How blockchain technology could change students’ lives

Digital Diplomas – How Blockchain Technology Could Change Students Lives

A hard-earned diploma is one of the most important things in the world to students who have spent years working for it, and probably losing a lot of time, effort and sleep to it as well – and there is nothing more satisfying than being able to hold it in your hand, knowing it was all worth it. However, there are many downsides to physical credentials that aren’t fully owned by the students that have earned them. They aren’t easily accessible, and students may find themselves having to reacquire their documentation for a sometimes considerable fee when they want to enrol in a new school or change their career path. Moreover, physical credentials aren’t tamper-proof and can be altered, as well as being lost or damaged through no fault of the person that those qualifications belong to.

However, a new solution has recently been introduced. The latest developments in blockchain technology are allowing students to own, access, and manage their diplomas digitally. Universities such as MIT and New Mexico Community College are pioneering this digital credentials system, and are finding the positives to be hugely beneficial to the students who want to know that their diplomas are safe and can be accessed easily through an application on their smartphone. To ensure the security of the documents, the app uses the same blockchain technology as the ever-growing digital currency Bitcoin.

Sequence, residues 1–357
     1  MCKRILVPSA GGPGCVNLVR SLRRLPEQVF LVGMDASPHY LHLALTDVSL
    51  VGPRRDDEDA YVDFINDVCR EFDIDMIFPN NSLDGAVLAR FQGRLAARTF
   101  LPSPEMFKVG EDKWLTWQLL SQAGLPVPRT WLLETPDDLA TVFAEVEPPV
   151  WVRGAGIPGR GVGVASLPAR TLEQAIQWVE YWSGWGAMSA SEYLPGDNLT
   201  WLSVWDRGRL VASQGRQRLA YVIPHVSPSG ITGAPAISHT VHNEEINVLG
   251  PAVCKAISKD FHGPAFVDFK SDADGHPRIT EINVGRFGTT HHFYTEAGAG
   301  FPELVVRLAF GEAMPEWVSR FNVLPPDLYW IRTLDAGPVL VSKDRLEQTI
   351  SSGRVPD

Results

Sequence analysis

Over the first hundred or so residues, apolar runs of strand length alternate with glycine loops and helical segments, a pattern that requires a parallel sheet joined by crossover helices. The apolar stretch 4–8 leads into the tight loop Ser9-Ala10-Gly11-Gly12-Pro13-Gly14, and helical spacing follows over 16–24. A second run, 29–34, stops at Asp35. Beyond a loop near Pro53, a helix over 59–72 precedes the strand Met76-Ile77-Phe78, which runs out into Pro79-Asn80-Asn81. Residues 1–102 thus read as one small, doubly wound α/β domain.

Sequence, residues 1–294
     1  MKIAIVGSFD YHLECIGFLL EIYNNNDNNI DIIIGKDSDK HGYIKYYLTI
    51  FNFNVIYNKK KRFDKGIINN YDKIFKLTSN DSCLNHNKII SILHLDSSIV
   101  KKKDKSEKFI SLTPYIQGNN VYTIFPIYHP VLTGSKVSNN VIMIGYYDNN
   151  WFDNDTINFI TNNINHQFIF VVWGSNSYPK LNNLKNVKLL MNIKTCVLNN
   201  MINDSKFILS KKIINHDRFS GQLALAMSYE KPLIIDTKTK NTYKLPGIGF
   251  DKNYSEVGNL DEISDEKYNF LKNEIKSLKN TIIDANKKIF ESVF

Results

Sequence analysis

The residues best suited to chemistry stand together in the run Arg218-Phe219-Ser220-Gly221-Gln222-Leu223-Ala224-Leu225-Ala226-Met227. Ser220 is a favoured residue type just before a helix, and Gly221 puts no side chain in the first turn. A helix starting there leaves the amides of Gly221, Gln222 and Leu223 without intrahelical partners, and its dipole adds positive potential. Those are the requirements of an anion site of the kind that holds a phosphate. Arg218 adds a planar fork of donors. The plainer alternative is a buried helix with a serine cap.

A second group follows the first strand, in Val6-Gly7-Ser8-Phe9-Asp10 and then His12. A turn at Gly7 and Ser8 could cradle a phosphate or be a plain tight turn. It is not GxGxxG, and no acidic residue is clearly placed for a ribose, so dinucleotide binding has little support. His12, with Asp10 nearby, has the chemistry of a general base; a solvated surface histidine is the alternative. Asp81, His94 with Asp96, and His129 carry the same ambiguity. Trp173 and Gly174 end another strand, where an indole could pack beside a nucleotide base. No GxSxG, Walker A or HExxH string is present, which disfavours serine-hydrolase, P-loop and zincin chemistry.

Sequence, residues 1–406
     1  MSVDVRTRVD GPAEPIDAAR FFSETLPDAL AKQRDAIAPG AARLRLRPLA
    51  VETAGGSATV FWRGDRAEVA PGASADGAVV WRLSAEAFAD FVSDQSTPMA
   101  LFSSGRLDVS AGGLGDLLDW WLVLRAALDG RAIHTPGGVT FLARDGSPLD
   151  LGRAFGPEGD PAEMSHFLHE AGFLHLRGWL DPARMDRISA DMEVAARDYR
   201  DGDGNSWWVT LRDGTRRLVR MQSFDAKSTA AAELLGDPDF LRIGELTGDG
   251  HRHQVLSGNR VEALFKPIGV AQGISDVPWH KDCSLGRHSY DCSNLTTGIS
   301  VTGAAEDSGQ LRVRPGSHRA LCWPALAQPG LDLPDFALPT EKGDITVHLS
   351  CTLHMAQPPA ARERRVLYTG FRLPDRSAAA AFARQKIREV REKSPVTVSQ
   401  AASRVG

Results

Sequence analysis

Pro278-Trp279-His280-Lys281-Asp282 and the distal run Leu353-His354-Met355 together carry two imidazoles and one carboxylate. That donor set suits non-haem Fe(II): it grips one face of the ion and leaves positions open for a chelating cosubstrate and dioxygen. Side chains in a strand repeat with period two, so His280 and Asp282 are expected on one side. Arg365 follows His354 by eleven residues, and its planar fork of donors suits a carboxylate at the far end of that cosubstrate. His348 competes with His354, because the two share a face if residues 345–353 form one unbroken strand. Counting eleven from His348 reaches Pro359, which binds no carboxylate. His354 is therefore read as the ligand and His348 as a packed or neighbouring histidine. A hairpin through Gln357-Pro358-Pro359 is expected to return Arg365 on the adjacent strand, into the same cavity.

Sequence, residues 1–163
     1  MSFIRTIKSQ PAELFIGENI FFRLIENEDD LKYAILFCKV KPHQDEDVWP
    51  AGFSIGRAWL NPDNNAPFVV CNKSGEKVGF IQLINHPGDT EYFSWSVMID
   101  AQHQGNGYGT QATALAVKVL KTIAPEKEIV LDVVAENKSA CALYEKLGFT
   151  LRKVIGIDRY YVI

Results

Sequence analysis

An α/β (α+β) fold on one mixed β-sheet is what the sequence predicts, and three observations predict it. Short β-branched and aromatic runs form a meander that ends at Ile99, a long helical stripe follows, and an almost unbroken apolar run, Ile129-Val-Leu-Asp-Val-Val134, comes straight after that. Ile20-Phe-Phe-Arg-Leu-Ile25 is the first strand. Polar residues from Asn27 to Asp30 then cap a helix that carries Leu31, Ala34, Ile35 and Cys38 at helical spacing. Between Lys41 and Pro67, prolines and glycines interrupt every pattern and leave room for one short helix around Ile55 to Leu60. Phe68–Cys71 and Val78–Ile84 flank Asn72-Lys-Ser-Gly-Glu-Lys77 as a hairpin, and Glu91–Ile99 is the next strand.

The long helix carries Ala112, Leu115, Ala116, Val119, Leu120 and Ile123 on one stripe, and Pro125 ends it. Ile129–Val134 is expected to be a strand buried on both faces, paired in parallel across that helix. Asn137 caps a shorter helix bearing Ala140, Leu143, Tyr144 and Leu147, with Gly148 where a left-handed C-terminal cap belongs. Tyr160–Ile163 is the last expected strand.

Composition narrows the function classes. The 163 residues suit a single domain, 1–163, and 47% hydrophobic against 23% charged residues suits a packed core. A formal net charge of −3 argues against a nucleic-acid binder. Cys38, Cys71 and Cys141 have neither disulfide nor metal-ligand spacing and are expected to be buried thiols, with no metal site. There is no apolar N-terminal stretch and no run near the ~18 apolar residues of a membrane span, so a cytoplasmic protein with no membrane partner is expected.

But what is blockchain? It is essentially a database, a digital ledger. This database stores ‘blocks’, which are just records. Each block contains a timestamp and a link to the previous block. These databases use encryption to ensure that only blocks that are owned by a certain user can be altered by that user – meaning that no one can tamper with someone else’s records, as you would have to ‘own’ the block (which is defined through a user having a private key without which they cannot write files). One of the security benefits of blockchain is that there is no one single centre of control, with the database being controlled autonomously, using peer-to-peer network connections. In simple terms, it’s impossible to alter a block on blockchain retrospectively because thousands of other computers all over the world will point out the inconsistency. Therefore, nobody can ‘steal’ this information.

The main attraction of digital diplomas is that students have autonomy over their own records, which has previously been impossible. At MIT, students have an app called Blockcerts Wallet which allows them to easily access a verifiable version of their diploma that they can share with friends, schools and employers. Chris Jagers, co-founder and CEO of Learning Machine has said: “MIT has issued official records in a format that can exist even if the institution goes away, even if we go away as a vendor…”. This is another huge benefit of digital diplomas – students will not have to worry about the loss of their credentials if their alma mater goes extinct, as they will be safe in the blockchain.

It is likely that, as the world becomes more invested in the non-physical, digital diplomas controlled through blockchain will become more and more popular, allowing for more student empowerment and autonomy in the future.

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